Wednesday, December 1, 2010


Departing Yamba with a reasonable forecast for the leg to Southport Seaway we entered the Clarence River through the hole in the wall and found ourselves in the middle of a combined Water Police and Volunteer Marine Rescue training exercise. Helicopters, police boats, VMR boats and VHF radio traffic were the order of the day. Where the Clarence meets the sea was a far different place to when Lyn and I arrived, just some small green speed humps to denote the crossing. 

The sum of rhumb line distances a safe distance of headlands and hard bits from Yamba to Southport Seaway is 97nm so reckoning on a bit of adverse current and a steady breeze 19-20 hours of sailing should see the job done. That is until Mr Murphy's law is applied to the calculation. His arithmetic is a little different to mine and generally the more accurate. The only difference really is like the old maths books where you had to go to the end of the book (voyage in this case) to get the correct answer which turned out to be 153nm.

How can this be? Simple really as always. Variable winds + periods of no wind + EAC x 3kts = Mr Murphy's constant. An earlier employer of mine estimated time to do a job with unknowns by averaging three guesses then doubling the answer and adding two. He was related to Murphy.

Slight seas are good Lyn, glassy ones even better. We had these for most of the passage as Lyn predicts this for times when she isn't aboard. Trawlers, up to twenty were counted within a mile of our position during the night mostly off Evans Head and Point Byron where the most easterly light house shines on all who sail within  it's range. How hard those fisherman work in poor conditions and how they tolerate the current is a credit to them. Prawns are cheap. The gloom of the lights from other trawlers working even further out to sea would indicate another twenty. A keen eye kept us clear of them with only one coming close to my safety radius.

All through the night we sailed when there was enough wind and motored when there wasn't finally seeing old Sol rise up as we passed Brunswick Heads. Huey the wind God was completely exhausted from his efforts to scare the lovely Lyn and many others off sailing over the past several weeks. All that fuss and water and waves he was kicking about finally settled down into almost a mirror like surface as we motored past my first SCUBA diving site, Cook Is off Fingal Head. Turtles and rays came to the surface close by as we passed between Fingal and Cook Is and had our first glimpse of Queensland and the start of that most famous of recreational strips named the Gold Coast. The Queensland wind being a much nicer affair than it's southern counterpart set up a particularly pleasant broad reach for us along the coast line about a mile off shore. Old Sol lit up the beach strip and high rise buildings like a postcard photo as we closed on the Southport Seaway.

Entering the seaway across the infamous Southport bar was a pretty benign affair sailing under full main and jib about 100m behind a monohull who chose to motor in ahead of us. We gybed the sails across as we turned north and held the one sail set all the way up the Broadwater along the inside of South Stradbroke Island until the last 2 miles before the "Bedroom" at the northern tip of the island near Jumpinpin. (It is a lovely place thank you Arlette. We had been here several times before in another life.) That wonderful BBQ produced another great steak, egg, zucchini, potato and carrot dinner washed down with a rum. Naturally. A Pacific black duck swum up to the transom shortly after we anchored and stepped aboard up the steps like he lived here all his life and stayed for at least ten minutes. I told you it was a good life.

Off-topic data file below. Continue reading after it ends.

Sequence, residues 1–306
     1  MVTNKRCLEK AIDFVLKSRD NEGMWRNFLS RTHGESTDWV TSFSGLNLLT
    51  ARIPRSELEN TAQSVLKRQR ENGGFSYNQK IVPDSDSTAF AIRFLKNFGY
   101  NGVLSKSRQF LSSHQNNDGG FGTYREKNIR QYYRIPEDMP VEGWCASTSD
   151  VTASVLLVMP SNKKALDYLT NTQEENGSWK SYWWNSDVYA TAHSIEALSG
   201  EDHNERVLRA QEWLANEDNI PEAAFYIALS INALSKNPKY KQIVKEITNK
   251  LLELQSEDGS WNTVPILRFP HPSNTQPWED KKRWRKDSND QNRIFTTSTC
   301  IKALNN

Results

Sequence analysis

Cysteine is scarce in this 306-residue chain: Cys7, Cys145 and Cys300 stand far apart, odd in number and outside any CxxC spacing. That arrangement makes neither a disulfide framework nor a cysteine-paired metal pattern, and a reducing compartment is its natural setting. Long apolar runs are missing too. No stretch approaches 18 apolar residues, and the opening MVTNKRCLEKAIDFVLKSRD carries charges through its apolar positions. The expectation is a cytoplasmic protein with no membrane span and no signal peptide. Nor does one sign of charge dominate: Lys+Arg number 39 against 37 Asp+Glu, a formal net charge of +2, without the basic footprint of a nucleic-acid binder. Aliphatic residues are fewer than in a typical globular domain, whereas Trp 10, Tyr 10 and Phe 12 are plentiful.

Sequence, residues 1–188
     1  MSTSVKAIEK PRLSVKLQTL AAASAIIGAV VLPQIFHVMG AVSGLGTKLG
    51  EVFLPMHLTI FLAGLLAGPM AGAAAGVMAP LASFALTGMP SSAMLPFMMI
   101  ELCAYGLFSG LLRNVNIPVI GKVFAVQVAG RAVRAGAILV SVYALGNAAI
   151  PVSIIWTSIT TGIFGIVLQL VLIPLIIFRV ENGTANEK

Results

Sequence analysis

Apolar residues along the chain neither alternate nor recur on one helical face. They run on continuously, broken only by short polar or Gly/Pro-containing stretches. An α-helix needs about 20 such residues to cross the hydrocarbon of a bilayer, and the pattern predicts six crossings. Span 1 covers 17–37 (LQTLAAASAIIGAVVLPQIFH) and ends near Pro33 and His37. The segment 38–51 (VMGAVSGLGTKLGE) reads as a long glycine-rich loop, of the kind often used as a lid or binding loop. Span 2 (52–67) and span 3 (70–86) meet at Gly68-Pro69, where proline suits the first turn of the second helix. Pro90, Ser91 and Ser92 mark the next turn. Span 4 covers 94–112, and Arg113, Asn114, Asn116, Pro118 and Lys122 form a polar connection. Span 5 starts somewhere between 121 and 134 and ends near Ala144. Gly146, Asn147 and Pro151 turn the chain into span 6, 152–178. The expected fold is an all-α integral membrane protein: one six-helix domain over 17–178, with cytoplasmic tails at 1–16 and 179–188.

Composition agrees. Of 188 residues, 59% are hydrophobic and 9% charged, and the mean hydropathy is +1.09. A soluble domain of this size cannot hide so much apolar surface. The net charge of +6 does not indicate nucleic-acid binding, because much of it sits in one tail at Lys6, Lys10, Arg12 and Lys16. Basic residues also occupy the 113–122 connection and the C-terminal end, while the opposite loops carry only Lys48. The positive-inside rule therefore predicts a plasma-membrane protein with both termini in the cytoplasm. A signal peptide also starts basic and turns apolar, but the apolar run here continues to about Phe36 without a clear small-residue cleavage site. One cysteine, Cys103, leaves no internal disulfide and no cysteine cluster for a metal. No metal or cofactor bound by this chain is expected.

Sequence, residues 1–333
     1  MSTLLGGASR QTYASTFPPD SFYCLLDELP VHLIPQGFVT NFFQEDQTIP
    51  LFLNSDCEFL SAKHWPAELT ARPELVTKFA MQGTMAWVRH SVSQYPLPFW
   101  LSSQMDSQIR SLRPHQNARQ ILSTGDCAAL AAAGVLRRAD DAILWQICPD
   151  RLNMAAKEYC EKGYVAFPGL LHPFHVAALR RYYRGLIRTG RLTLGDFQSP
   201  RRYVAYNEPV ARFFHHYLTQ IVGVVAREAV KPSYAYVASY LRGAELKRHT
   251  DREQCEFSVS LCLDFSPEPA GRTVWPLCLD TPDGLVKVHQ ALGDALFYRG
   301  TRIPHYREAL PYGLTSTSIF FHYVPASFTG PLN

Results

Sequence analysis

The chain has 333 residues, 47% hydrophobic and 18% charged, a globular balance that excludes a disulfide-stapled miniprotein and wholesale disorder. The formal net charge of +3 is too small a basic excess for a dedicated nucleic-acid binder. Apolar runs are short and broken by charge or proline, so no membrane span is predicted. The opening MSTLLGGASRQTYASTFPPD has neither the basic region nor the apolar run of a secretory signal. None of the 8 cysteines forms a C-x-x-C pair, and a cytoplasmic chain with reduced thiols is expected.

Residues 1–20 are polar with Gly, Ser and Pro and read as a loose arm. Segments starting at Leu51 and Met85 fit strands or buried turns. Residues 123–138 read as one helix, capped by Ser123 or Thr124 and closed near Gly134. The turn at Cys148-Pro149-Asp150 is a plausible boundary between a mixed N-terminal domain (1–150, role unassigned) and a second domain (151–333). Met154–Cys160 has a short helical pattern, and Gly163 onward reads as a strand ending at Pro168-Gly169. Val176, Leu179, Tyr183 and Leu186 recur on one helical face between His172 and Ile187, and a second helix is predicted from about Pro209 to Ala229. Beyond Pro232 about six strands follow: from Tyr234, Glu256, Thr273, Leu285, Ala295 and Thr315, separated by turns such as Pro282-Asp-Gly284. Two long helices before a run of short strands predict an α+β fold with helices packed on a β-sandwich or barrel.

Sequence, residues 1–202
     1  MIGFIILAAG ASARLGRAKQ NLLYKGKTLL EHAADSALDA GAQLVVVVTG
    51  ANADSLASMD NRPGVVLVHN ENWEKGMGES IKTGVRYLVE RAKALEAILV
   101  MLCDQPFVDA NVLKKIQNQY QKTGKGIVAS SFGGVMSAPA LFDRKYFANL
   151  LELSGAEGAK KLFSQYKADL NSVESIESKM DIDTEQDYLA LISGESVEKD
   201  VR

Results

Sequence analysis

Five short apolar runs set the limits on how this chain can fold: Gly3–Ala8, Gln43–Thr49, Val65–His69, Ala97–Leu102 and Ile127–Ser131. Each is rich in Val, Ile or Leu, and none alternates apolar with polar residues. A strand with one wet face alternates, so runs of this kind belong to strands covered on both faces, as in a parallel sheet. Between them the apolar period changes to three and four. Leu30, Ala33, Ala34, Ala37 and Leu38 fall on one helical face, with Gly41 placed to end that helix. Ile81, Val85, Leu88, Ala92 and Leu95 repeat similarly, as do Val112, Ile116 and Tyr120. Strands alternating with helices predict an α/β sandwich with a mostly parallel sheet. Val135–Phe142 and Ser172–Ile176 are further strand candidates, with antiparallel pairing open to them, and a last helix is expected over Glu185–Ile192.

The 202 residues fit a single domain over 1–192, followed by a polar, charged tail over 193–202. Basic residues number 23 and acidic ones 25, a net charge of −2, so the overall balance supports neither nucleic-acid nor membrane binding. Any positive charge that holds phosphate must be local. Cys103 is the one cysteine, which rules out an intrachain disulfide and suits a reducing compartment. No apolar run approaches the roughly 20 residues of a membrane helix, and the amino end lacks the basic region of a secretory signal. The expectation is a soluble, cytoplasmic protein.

After a night here we left earlyish back to my old habit of going just a bit further before stopping for breakfast.  We motored up to another old favourite anchorage where the old sand mining jetty used to be on North Stradbroke Island across from Caniapa Point. Cornflakes consumed we motored out past Macleay Island and hoisted sail finding the going much to our liking. Past Coochiemudlo Island, then Peel Island then St Helena Is off to port we passed several other catamarans and monohulls on our way to Tangalooma Point on Moreton Island just south of the resort. Finding a quiet place to anchor 300m of the beach in very clear water we dropped all sail and secured a good grip on the bottom with the anchor for the night. A small pod of dolphins welcomed us one leaping out equally as happy as us to be here.

Tomorrow we will head across to Scarborough where Truansea will spend a few days before the final leg of the trip home to Noosa. Bevan and I will return home from here by car with one of his old girlfriends. I'll have a chance to catch up with friends and relatives who have indicated a desire to take a look over the little ship when I return to Truansea on Saturday. Please book early to avoid disappointment.

Fair winds, Brian.


  1. Well written once again, sorta feel like we've been part of it but from the safety of terra firma (which I happen to like) - got some good footage of you coming into Scarborough Marina.

  2. Thanks for stopping in to give us a captn cook!
    She's a beauty!
    Will follow your travels with great interest : )

  3. Enjoyed morning tea with you today :) Lyn hasn't lost her touch with her chocolate slice :)